This should not be considered a tutorial. It’s an experiment. The specs are ambiguous, so I can’t be sure I’m using every element properly, and there’s not exactly a huge body of examples in the wild to draw from. Therefore, if you disagree with my markup choices please do let me know. Nicely.
You can use my WordPress HTML 5 theme, which is based on the excellent Kubrick theme. I’d be dead chuffed if you’d let me know if you do use it. You’ll probably want to comment out references to plugins (unless you also use them). I don’t support the theme and I’m sorry that my PHP is so shockingly bad.
The blog home page
An interesting thing about a blog homepage is that there are generally the last 5 or so posts, each with a heading, a "body" and data about the post (time, who wrote it, how many comments etc.) and usually a link to another page that has the full blog post (if the homepage just showed an excerpt) and its comments.
HTML 5 has an article element which I use to wrap each story:
The article element represents a section of a page that consists of a composition that forms an independent part of a document, page, or site. This could be a forum post, a magazine or newspaper article, a Web log entry, a user-submitted comment, or any other independent item of content.
Let’s look in more detail at the guts of how I mark up each blogpost.
Anatomy of a blog post
The wrapper is no longer a generic div but an article. Within that is a header, comprising a heading (the title of the blogpost) and then the time of publication, marked up using the time element.
Then there are the pearls of wit and wisdom that consitute each of my posts, marked up as paragraphs, blockquotes etc., and is pulled unchanged out of the database. Following that is data about the blog post (category, how many comments) marked up as a footer and, in the case of pages that show a single blogpost, there are comments expressing undying admiration and love. Finally, there may be navigation from one article to the next.
Data about the article
Following the content there is some “metadata” about the post: what category it’s in, how many comments there are. I’ve marked this up as footer. I previously used aside which “represents a section of a page that consists of content that is tangentially related to the content around the aside element, and which could be considered separate from that content” but decided that it was too much of a stretch; data about a post is intimately related.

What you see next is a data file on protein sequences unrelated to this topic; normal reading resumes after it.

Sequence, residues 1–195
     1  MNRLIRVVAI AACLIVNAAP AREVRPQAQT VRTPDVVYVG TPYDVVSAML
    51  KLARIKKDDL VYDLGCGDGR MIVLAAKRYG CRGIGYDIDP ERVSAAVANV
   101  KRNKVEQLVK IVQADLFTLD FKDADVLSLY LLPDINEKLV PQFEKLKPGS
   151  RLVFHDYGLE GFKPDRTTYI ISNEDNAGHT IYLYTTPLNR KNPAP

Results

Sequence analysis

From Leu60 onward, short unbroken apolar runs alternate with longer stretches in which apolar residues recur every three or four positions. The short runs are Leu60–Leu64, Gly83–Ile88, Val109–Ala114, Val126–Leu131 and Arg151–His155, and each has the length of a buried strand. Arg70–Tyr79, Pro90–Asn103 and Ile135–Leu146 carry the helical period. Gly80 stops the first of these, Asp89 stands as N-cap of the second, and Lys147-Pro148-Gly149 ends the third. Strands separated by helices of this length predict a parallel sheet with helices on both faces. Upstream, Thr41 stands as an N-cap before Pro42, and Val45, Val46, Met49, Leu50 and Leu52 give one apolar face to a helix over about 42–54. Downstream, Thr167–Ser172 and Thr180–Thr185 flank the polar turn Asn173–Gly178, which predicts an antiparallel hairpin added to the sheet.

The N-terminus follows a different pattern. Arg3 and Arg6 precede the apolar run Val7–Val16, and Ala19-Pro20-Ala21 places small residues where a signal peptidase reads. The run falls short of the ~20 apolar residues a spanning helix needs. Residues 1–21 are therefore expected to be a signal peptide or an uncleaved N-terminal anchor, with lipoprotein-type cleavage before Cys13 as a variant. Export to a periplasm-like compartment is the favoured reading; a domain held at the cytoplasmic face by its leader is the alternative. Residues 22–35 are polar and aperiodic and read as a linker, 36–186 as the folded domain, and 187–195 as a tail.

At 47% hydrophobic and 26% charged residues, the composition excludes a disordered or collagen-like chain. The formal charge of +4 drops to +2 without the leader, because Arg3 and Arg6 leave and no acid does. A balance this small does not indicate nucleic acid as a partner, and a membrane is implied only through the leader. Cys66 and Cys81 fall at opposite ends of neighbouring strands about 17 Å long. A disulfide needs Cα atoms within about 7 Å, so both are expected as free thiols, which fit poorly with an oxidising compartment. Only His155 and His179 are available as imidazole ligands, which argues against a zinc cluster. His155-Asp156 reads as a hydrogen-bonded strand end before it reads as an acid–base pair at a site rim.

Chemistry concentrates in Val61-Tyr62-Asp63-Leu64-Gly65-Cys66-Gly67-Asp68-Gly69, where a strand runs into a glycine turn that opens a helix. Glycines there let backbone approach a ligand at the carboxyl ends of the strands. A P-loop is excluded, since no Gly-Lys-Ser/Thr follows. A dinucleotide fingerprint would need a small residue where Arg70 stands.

footer is a much better fit: “A footer typically contains information about its section such as who wrote it, links to related documents, copyright data, and the like.” I was initially thrown off-course by the presentational name of the element; my use here isn’t at the bottom of the page, or even at the bottom of the article, but it certainly seems to fit the bill – it’s information about its section, containing author name, links to related documents (comments) and the like. There’s no reason that you can’t have more than one footer on page; the spec’s description says "the footer element represents a footer for the section it applies to" and a page may have any number of sections. The spec also says "Footers don’t necessarily have to appear at the end of a section, though they usually do."
This does, however, raise an interesting question about WAI-ARIA. In the structural redesign, I gave the page’s "main" footer an aria-role="contentinfo", on the grounds that assistive technology users (or search engines) might wish to jump straight to that information about the page they’re using.
I’m assuming that it would not be helpful for each article’s footer metadata to also have the same aria role. Additionally, the aria spec says content info is "metadata that applies to the parent document", which I read as meaning the whole web page, not each individual article.
Henri’s draft (but not Steve’s) suggests an approximate correspondance between HTML 5’s header and ARIA’s banner role.
If I’m right that assistive technology user expect only one instance of banner and contentinfo (and I’d very much like to discuss this), we might need to revisit these assumptions.
I’ve marked up comments as articles, too, as the spec says that an article could be “a user-submitted comment”, but nested these inside the parent. These are headed with the date and the time of the comment and name of its author. I tried wrapping these in a header too, but it wouldn’t validate as each header requires at least one heading with it. As the author and time of a comment doesn’t feel like a heading, and there was not one there before, I’ve left it as plain text. But I’m undecided.
The original WordPress install had an ordered list of comments, which I’ve removed; some things have an implied order and, now they’re marked up with unambigously parsable dates and times, it’s trivial to programmatically determine the order. I thought it might be fun to generate numbers with CSS using this code